The international career of Steven Gerrard is a curious case. At first glance, 114 caps (38 as captain), 21 goals and six international tournaments in the white shirt of England is an absolutely tremendous record, rivalled in terms of numbers only by David Beckham and Peter Shilton.
But when one delves a little deeper into his performances and record as an England player, it becomes clear that Gerrard's career for his country is more than likely to be defined, over time, by failure at key moments. As captain, he failed to spur England on to qualify for Euro 2008. Before that he was one half of a midfield duo with Frank Lampard which promised much and delivered little, and his stint for a second time as captain saw his and Roy Hodgson's side deliver their worst showing at a World Cup for over 50 years. What's more, he leaves the side at their worst FIFA ranking for 18 years and in a pretty grim position for the future.
Of course, it would be absolutely ridiculous to blame all these things squarely on the shoulders of Gerrard alone, and there are and were many factors involved in this constant stream of failure. But nonetheless, there will always be a feeling that the Liverpool man was never quite able to replicate his club form at international level, either through a lack of tactical discipline or simply not having a team around him that suited his style of play.
There were great moments - his first international goal in the stunning 5-1 victory over Germany in Munich, his two goals at World Cup 2006 as England reached the quarter-final, and more recently the goal against Poland last year which ensured England qualified for the 2014 World Cup. In many ways, that last goal he scored in an England shirt was typical Gerrard - a driving, lung-busting run from midfield, culminating in a last-gasp finish and the passionate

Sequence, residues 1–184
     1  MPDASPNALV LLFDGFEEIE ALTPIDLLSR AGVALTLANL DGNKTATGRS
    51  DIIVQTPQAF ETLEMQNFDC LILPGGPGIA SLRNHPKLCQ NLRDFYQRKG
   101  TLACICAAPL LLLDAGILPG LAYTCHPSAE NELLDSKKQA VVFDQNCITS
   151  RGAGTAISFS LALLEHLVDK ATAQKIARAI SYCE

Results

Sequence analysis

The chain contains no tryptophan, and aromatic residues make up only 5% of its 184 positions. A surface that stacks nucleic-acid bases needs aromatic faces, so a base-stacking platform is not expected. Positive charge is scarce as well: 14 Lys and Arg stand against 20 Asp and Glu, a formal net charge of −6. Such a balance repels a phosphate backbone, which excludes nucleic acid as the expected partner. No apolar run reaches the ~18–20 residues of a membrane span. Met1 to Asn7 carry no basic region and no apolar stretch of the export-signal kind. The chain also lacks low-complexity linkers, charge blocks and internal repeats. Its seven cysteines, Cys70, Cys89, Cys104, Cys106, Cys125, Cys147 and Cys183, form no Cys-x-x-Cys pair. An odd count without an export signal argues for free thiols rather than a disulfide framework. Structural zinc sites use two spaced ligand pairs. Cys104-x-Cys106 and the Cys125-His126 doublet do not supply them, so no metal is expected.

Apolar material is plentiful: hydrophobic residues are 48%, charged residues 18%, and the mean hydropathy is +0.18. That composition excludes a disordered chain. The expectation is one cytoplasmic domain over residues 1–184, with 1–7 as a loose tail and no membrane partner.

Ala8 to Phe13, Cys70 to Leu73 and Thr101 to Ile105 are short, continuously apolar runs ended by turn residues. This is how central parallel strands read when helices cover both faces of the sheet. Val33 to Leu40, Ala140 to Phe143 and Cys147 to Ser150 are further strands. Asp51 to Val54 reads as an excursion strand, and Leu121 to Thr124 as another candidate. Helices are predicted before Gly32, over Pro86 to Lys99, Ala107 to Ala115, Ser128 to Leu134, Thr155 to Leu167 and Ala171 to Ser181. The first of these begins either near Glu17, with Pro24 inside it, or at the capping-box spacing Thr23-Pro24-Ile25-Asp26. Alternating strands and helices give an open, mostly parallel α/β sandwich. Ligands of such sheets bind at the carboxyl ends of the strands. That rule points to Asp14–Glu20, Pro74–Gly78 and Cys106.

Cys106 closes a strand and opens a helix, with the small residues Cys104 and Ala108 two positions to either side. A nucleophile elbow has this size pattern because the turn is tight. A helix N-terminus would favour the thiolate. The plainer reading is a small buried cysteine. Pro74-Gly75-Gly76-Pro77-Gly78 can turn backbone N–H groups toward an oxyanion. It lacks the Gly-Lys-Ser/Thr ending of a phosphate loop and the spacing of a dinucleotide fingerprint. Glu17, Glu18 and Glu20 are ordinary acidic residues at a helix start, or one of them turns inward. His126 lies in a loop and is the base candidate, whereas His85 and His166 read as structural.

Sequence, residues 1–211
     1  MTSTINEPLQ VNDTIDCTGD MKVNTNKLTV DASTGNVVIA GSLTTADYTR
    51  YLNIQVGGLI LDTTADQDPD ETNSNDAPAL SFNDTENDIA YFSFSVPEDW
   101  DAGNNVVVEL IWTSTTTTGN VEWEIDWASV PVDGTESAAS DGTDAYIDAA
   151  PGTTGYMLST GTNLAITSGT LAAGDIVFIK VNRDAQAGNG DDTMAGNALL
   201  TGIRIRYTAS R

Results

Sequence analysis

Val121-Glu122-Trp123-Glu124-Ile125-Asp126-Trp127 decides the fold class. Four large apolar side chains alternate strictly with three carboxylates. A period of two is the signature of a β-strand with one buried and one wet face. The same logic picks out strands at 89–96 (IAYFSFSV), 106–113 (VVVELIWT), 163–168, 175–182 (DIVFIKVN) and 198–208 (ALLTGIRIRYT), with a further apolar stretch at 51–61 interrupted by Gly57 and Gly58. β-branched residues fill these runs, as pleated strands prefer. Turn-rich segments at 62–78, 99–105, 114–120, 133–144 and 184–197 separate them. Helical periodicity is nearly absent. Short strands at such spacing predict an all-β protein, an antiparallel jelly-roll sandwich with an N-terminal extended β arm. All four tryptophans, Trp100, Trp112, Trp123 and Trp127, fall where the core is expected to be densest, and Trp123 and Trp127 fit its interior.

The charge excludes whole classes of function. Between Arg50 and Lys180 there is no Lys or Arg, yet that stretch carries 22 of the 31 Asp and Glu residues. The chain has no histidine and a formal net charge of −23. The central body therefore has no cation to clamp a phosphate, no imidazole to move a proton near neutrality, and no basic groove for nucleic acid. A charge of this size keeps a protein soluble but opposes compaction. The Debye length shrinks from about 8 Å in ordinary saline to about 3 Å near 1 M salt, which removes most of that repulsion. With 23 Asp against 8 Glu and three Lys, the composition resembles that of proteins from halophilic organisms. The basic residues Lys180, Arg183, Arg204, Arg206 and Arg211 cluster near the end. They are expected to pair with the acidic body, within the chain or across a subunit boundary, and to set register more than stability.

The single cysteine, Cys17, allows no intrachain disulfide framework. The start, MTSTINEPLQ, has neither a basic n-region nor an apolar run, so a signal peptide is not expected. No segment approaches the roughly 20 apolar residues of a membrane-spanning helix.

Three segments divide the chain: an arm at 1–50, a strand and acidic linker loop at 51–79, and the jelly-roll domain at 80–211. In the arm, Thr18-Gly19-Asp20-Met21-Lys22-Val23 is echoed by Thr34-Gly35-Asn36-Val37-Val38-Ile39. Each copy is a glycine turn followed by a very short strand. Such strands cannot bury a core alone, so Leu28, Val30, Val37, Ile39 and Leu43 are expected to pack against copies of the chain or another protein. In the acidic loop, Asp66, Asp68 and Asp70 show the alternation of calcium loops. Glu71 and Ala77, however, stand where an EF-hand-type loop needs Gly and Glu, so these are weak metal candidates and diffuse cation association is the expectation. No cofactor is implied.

celebration of a man proud to have fired his team to a World Cup.
But sadly, great moments were only punctuation in the memoir of this man's England journey, and it's clear that he himself will look back on his time with a twinge of regret that he didn't appear in a single semi-final in a major tournament. In the end it was an international sojourn that promised much yet failed to deliver anything tangible.
In truth, it's an opportune moment for him to step down - Liverpool have an arduous season ahead of them back in the Champions League and with added expectation domestically after last season's exploits. It makes sense for a younger midfield player to come through and help England qualify from a fairly easy Euro 2016 group.
And so attention turns to who the armband will pass to next. And if there is anything to hit home just what a state our national game is in, it is the lack of serious candidates to lead England into the next major tournament.
The Betfair Sportsbook has a market based on who will be captain against Switzerland on September 8. Wayne Rooney is strong favourite at 4/11, Gary Cahill next at 7/2 with Joe Hart at 5/1.
It is debatable whether Rooney is captain material, and not only that, but whether he represents the previous generation (one that has all but died with Gerrard's retirement) and would be a backwards move. Hart is an obvious leader in terms of personality but has struggled for form as recently as last season where he was dropped for a period.
Cahill appears the most sensible and viable option. Not hugely experienced at international level, he is nonetheless a Champions League winner, a certain starter, and clearly demands the respect of his teammates. He is also unlikely to find trouble off the pitch, vital for an ambassadorial role such as this, especially in light of the farce that surrounded John Terry's tenure as skipper.
Regardless of who Hodgson picks as captain for England's game against Switzerland in September though, we should take this moment to remember Gerrard and his contribution to the national team. It may not have started, continued or ended with honours as he'd have surely hoped, but 114 caps is a magnificent return for a player who, on his day, was up there with the very best.